Language extension 320 illustrates that, in accordance with the teachings of the present invention, portions of an XML literal can be determined dynamically through the use of embedded expressions. In the illustrated embodiment, the mapping services of the present invention dynamically resolve portions of XML literals containing embedded Javascript expressions. In one embodiment, interpreter 104 is equipped to recognize a set of curly braces (e.g., “{. . . }”) as an embedded expression operator having higher precedence than the unary operator “<” (described above). However, it should be noted that operators other than “{ }” may be utilized as an embedded expression operator without departing from the spirit and scope of the invention. In any event, if parser 105 identifies that the embedded expression operator is present within an expression, the operand enclosed within the operator is passed to interpreter 104 for evaluation, with the resulting return value being coerced (described below) to type string. Thereafter, string concatenation is used to insert the return value between the preceding and following XML literals. Once all the embedded expressions have been evaluated and their results inserted within the XML literal, the presence of the “<” operator causes interpreter 104 to convert the resulting string to an XML type.

Language extension 330 illustrates the principle of type coercion practiced by interpreter 104. In accordance with one embodiment of the invention, any value of type string that occurs where parser 105 expects a value of type XML is automatically converted to the XML data type by parsing the contents of the string as XML. Prior to the conversion, the string value can be constructed and manipulated using string arithmetic without regard for XML constraints such as well-formedness. For example, in lines 330(A)-(D) of FIG. 3B, an XML type variable is assigned the result of multiple string concatenations. More specifically, the variable “tagName” of type string is concatenated with two other string values (e.g., “<” and “>”)to form XML open and close tags. The resulting tags are again treated as strings and concatenated with the values of “john” and “Sue”, which are also treated as strings notwithstanding the fact that they represent XML expressions. The resulting string value is then coerced back into an XML value due to the explicit “XML” data type declaration. Additionally, string values are also automatically coerced into XML values in other contexts where XML is expected. For example, string values passed to functions expecting XML parameters and string values embedded within XML literals will similarly be converted into XML. Accordingly, line 330(E) yields the same result as line 330(D).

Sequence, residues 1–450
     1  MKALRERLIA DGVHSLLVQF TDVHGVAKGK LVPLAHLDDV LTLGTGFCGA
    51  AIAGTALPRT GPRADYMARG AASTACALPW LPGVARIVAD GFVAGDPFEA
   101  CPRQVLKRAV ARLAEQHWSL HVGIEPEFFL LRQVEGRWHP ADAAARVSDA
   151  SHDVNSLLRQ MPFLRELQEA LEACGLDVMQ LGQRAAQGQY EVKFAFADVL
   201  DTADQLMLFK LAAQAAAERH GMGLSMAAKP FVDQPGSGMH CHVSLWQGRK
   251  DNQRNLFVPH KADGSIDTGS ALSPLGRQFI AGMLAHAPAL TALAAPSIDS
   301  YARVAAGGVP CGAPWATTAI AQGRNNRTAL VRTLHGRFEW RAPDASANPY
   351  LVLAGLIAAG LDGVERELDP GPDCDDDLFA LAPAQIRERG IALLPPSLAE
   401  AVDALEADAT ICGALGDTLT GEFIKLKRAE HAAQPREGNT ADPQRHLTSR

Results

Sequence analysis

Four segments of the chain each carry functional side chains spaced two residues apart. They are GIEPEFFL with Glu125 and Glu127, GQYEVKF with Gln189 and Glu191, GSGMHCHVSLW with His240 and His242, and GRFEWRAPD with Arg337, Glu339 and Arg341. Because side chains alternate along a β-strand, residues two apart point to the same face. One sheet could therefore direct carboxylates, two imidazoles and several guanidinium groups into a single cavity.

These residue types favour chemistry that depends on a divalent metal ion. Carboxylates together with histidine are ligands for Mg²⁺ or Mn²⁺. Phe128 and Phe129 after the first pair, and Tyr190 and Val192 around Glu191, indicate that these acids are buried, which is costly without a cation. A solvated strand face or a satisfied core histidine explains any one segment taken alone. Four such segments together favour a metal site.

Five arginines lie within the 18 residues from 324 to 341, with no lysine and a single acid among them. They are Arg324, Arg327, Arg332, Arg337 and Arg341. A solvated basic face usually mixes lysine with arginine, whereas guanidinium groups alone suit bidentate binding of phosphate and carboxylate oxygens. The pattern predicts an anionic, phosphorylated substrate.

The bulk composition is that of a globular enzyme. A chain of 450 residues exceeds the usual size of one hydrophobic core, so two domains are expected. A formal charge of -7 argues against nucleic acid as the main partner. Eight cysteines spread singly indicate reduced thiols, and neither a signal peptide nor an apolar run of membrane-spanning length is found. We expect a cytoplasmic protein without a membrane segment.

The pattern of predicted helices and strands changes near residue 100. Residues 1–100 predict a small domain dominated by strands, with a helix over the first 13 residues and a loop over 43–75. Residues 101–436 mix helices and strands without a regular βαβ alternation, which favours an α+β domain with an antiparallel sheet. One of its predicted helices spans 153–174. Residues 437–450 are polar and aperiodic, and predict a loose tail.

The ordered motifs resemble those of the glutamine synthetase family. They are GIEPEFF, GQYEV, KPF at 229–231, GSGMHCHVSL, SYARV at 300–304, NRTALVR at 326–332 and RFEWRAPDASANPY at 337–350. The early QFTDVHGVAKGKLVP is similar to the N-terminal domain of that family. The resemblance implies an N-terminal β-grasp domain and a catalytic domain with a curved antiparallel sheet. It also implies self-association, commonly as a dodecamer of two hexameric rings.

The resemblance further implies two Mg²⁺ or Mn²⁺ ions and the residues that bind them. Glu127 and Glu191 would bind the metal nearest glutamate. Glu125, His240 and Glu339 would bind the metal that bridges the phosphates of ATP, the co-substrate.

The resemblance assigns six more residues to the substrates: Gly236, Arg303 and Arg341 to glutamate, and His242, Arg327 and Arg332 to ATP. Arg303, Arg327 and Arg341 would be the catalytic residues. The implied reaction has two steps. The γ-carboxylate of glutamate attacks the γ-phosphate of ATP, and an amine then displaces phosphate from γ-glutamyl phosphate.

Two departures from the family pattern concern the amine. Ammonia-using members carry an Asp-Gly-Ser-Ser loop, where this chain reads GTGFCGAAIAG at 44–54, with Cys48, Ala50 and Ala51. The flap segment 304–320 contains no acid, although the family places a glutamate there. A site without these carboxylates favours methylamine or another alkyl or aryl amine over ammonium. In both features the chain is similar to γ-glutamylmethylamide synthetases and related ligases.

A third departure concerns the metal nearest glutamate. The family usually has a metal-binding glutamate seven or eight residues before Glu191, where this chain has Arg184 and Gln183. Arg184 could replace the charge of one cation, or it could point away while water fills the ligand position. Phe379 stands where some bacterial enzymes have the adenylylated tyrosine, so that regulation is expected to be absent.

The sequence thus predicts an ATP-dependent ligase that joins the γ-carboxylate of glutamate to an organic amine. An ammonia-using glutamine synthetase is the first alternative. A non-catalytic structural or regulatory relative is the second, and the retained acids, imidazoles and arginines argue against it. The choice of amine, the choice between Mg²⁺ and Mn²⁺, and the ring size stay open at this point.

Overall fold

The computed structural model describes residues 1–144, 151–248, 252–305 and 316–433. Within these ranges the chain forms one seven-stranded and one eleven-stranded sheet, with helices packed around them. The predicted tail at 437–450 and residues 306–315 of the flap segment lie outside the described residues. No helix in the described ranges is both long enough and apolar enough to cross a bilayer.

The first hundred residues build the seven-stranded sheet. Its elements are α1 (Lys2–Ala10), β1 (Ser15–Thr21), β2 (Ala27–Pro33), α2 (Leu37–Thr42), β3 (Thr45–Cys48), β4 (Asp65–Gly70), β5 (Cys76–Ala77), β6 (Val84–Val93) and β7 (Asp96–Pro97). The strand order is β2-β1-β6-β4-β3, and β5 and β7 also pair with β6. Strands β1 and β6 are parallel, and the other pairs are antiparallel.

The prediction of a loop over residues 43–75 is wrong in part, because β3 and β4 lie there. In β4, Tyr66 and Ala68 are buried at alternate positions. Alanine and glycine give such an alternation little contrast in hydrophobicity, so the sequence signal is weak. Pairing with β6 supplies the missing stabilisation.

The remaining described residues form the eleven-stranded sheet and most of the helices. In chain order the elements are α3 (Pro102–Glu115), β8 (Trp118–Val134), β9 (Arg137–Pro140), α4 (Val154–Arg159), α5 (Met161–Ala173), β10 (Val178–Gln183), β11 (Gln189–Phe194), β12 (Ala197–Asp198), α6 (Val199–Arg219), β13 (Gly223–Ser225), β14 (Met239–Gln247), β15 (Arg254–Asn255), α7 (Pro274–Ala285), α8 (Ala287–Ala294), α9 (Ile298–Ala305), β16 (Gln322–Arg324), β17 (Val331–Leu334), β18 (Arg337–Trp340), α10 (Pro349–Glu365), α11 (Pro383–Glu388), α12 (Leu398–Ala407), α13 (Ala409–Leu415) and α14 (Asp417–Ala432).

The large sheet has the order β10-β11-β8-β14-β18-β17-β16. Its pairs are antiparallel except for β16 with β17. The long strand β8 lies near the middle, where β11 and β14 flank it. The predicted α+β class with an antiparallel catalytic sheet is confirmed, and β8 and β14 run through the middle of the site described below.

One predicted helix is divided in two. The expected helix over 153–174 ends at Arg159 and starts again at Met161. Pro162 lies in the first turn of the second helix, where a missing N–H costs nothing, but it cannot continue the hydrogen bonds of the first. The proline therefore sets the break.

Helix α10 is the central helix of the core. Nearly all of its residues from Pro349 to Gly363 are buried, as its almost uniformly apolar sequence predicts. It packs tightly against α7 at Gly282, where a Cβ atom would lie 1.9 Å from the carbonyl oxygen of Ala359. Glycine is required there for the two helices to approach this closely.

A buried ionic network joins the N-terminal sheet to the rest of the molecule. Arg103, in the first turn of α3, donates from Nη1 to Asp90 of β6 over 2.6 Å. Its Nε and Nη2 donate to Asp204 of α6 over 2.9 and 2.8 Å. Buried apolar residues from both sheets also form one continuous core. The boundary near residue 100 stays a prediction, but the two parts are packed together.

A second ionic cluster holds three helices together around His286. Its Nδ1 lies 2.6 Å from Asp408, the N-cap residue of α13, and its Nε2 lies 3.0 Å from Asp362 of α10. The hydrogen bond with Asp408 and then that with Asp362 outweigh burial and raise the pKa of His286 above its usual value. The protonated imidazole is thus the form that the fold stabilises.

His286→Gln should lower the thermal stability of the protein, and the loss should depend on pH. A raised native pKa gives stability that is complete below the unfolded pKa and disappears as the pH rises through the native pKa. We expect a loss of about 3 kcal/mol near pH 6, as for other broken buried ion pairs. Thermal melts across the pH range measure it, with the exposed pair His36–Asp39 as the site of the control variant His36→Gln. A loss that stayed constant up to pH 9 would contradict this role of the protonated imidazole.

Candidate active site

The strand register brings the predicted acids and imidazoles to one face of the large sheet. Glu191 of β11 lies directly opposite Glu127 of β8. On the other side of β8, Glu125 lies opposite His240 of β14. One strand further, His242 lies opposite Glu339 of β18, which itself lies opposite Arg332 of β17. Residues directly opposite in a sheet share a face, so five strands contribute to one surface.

Language extensions 340 illustrate the principal that once a variable contains an XML value, the child elements of the XML variable may be accessed and/or assigned using a predefined operator such as, but not limited to a period/dot (“.”) (hereinafter “dot operator”). The dot operator examines all of the child elements of its left operand and returns in order, those elements with names that match the right operand. This may result in zero or more elements being returned. In one embodiment, if the designated child element is a leaf node, then the content of the child element is returned. However, if the designated child element is not a leaf node, then the designated child element complete with all of its descendants is returned (see e.g. 340(D)). Additionally, it is possible for the left operand of a dot operator to be a list of elements instead of a single element (e.g., consider when two or more dots are used in succession). In this case, the dot operator iterates over the list examining the children of each element in order. This treatment intentionally blurs the distinction between a single element and lists of elements to simplify the programmer's task.